As Mr. Modi considers how to extend health insurance models that incorporate private providers, he could direct his administration to explore innovative payment models in collaboration with state governments that create incentives to provide high-quality, necessary, and efficient care that discourage over-utilisation. The government might even be able to create payment mechanisms that encourage market consolidation and greater coordination across providers. Recent health reforms in the United States have encouraged experimentation with new payment models that pay for entire episodes of care (e.g., care for a diabetic patient over the course of a year), rather than for individual discrete services. This has created incentives for the development of Accountable Care Organizations, which are networks or groups of primary care providers, hospitals, and other types of providers with the capacity to coordinate the entire continuum of care for patients.
These payment models can be complex and not always straightforward to implement, but the Government of India, a large and growing purchaser of care, has the clout to shape how payment systems are designed. It could experiment with various payment mechanisms with an aim to influence the types of services that get provided and their quality.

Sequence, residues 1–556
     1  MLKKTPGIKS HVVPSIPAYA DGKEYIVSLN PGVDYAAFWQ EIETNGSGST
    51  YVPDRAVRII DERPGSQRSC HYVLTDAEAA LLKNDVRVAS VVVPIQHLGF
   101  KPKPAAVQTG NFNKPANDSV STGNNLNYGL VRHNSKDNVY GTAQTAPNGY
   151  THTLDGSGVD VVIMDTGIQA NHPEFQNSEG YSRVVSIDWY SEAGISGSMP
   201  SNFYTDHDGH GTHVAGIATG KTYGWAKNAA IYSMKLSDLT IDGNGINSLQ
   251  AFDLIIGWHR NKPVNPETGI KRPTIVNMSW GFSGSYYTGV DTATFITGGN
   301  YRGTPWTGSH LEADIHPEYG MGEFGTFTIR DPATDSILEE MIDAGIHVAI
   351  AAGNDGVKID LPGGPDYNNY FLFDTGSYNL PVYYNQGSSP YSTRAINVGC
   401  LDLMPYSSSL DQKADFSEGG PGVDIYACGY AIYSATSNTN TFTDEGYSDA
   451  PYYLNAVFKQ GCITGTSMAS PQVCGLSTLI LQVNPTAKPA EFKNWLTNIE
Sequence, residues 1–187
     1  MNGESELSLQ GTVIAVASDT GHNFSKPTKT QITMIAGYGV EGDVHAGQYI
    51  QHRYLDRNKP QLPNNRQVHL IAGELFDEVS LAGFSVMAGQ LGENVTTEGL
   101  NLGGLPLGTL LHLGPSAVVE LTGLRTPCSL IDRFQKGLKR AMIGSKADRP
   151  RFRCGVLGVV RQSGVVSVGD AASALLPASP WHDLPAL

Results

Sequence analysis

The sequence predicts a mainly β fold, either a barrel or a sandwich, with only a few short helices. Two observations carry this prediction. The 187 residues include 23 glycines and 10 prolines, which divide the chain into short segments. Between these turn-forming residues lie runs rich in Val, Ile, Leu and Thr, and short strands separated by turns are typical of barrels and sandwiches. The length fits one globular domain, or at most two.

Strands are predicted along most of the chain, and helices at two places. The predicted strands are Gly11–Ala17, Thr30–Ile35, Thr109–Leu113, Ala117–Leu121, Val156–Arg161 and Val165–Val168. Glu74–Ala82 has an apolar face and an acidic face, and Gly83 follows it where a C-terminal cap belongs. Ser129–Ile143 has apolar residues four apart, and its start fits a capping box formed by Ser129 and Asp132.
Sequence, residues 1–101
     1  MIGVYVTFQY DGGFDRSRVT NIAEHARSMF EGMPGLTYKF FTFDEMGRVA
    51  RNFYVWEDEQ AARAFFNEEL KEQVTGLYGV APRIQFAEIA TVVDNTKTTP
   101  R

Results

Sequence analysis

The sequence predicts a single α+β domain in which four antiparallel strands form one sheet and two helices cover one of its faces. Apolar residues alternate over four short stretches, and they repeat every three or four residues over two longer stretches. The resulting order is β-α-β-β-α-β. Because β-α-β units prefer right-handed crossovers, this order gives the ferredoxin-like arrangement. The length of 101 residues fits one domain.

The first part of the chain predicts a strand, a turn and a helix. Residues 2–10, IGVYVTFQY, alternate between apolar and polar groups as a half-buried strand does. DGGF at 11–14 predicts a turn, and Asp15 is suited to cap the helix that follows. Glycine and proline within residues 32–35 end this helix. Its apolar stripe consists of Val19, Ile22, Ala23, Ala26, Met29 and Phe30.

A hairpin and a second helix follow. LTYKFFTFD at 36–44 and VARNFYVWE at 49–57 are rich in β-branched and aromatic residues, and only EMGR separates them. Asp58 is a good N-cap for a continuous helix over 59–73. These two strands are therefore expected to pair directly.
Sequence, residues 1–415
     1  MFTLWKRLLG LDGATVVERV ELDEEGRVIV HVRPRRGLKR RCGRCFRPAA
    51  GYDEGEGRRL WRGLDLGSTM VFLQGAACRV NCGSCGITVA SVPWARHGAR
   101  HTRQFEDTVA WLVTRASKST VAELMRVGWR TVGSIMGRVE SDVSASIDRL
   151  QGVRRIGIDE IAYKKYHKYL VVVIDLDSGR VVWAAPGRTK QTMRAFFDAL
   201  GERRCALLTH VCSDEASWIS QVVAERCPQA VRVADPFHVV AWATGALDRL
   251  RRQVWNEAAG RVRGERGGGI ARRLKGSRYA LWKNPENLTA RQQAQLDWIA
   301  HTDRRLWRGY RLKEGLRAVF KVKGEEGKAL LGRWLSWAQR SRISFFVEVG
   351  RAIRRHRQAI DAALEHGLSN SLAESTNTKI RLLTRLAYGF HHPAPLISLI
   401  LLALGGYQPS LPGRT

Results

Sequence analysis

Launch a national initiative on health information technology strategy and standards
Another way to improve quality and reduce costs, especially in fragmented privatised health systems, is to set up digital health information systems that enable providers to make better decisions at the point of service, share patient records across multiple providers, track patients over time to ensure they get necessary care, and conduct disease surveillance and other research aimed at improving health. Health system managers and policymakers in the US now recognise the power of health data and information technology, but the lack of common standards and a tremendous number of legacy systems that cannot easily “talk” with one another, has made the use of data a big, messy challenge that is only now being surmounted at large costs.